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Thread: HyperZ: Errata & The Catalyst Command Stream

  1. #51
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    Quote Originally Posted by bridgman View Post
    We haven't looked deeply into encrypted netlists but initial feedback wasn't particularly promising... at first glance they seem to really be "unencrypted netlists with encrypted debug info". We do need to spend more time looking into that area though...
    I'm not too optimistic. From what I understand, the ability to simulate encrypted netlists is something the simulator vendors cook into their products, precisely so that proprietary IP can be given to customers for simulation without revealing internal details. But I would think that depends on the simulator not spilling the beans, in addition to, as you suggest, that a lot of encryption is done - poorly. Add to that the fact that OSS tends to be repulsed by the idea of using encryption to hide proprietary details, and that you could hack the source code to reprint the newly decrypted source, etc...

    So let's look at a different tack... Is it possible to release "obsolete" netlists? They're smaller, so maybe it's possible so simulate in a week or two with a Beowulf cluster or GPU-at-home. Presumably there's also some "familial" relationship between your products, so that even in the new product, the old feature may work pretty much the same way. (Is Hyper-Z old enough to be on an "obsolete" chip yet?) Even obsolete netlists could also give OSS driver developers new insights into the hardware and how to code for it.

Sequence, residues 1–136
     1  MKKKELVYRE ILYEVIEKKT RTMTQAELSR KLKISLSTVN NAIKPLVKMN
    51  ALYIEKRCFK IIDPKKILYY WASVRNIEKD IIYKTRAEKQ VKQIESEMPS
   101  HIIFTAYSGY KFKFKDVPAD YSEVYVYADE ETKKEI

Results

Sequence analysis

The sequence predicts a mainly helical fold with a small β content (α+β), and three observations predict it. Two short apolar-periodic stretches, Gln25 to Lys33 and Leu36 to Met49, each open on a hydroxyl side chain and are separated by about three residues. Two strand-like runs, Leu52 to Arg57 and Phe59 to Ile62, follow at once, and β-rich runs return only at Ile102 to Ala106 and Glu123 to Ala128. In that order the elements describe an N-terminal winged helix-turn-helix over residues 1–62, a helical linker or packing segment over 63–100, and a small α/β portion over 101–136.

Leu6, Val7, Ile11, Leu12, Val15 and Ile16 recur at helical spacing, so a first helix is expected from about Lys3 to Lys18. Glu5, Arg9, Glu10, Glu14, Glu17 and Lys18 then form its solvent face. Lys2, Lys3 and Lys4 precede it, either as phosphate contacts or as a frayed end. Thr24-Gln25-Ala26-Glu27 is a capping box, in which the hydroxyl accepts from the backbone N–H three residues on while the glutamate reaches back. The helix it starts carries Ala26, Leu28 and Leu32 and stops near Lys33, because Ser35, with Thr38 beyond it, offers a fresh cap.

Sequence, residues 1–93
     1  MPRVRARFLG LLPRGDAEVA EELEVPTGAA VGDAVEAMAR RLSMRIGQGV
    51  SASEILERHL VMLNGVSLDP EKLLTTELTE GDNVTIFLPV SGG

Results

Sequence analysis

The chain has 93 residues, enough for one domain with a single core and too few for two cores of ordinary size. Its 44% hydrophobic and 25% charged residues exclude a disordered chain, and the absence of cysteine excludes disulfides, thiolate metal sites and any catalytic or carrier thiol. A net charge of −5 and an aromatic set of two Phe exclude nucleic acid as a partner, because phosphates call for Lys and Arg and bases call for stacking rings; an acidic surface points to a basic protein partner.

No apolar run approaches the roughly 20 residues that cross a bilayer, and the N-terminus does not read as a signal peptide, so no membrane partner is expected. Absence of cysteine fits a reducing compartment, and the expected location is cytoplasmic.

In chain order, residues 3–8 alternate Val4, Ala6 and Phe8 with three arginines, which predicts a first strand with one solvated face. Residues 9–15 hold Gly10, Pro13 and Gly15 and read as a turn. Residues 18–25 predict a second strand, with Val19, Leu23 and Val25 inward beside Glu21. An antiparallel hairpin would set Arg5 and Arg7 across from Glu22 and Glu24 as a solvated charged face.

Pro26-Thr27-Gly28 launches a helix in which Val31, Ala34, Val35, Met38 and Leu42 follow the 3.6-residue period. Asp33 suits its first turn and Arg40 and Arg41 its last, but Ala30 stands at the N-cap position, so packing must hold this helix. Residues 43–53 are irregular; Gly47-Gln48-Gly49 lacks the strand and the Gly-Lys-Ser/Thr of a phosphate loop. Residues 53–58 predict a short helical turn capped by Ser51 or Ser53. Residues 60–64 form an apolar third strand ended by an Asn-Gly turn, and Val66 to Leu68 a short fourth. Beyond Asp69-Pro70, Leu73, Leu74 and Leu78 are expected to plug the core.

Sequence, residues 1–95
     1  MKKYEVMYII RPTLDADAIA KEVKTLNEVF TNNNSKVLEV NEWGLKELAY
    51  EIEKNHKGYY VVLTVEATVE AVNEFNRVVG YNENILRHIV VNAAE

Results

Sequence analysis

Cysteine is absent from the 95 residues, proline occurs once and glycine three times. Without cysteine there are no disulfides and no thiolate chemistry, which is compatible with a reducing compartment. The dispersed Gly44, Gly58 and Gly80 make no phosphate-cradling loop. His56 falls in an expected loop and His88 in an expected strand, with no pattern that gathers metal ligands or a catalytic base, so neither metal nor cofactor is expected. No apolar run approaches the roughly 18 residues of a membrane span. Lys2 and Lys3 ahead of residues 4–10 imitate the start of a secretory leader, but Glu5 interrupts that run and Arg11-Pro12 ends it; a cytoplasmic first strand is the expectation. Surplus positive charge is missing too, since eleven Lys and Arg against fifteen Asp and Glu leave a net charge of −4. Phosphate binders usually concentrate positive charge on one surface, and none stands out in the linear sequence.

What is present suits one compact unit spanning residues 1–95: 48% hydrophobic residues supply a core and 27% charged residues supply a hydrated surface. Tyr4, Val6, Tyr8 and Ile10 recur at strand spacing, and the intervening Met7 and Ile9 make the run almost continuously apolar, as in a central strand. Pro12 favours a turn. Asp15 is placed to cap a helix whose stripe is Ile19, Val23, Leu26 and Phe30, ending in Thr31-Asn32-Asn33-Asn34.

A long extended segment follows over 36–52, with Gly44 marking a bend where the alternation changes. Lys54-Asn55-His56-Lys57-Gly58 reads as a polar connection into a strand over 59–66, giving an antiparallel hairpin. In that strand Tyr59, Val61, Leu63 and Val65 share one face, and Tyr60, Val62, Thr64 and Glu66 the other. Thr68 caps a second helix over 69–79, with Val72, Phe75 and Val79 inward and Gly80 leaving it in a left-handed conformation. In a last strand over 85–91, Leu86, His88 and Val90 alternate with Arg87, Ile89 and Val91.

2. #52
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    would there be any use setting up a system like folding@home has been some time ago to provide simulation and processing power to developers via internet? like some huge cluster of linux users using cpu power, and when matured openCL to help the linux community?
    is it even possible? security issues? other "things"..?

  3. #53
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    Quote Originally Posted by phred14 View Post
    ...
    So let's look at a different tack... Is it possible to release "obsolete" netlists? They're smaller, so maybe it's possible so simulate in a week or two with a Beowulf cluster or GPU-at-home. Presumably there's also some "familial" relationship between your products, so that even in the new product, the old feature may work pretty much the same way. (Is Hyper-Z old enough to be on an "obsolete" chip yet?) Even obsolete netlists could also give OSS driver developers new insights into the hardware and how to code for it.
    If the industry hadn't taken a bit of a step back (where interest in ultra-low power dx9-level GPUs is high again) that would be a lot easier. Unfortunately what might be considered obsolete netlists are suddenly real valuable again, in the same way that old CPU cores are coming back in vogue as part of a many-core processing array.

    Quote Originally Posted by jakubo View Post
    would there be any use setting up a system like folding@home has been some time ago to provide simulation and processing power to developers via internet? like some huge cluster of linux users using cpu power, and when matured openCL to help the linux community?
    is it even possible? security issues? other "things"..?
    Security issues would probably be a showstopper unless we hosted the system internally, then it would only be a serious challenge. Simulators do seem to be getting better at scaling across a lot of cores, although I don't know if the scaling is at the point where anyone with less patience than an archaeologist could live with the performance.

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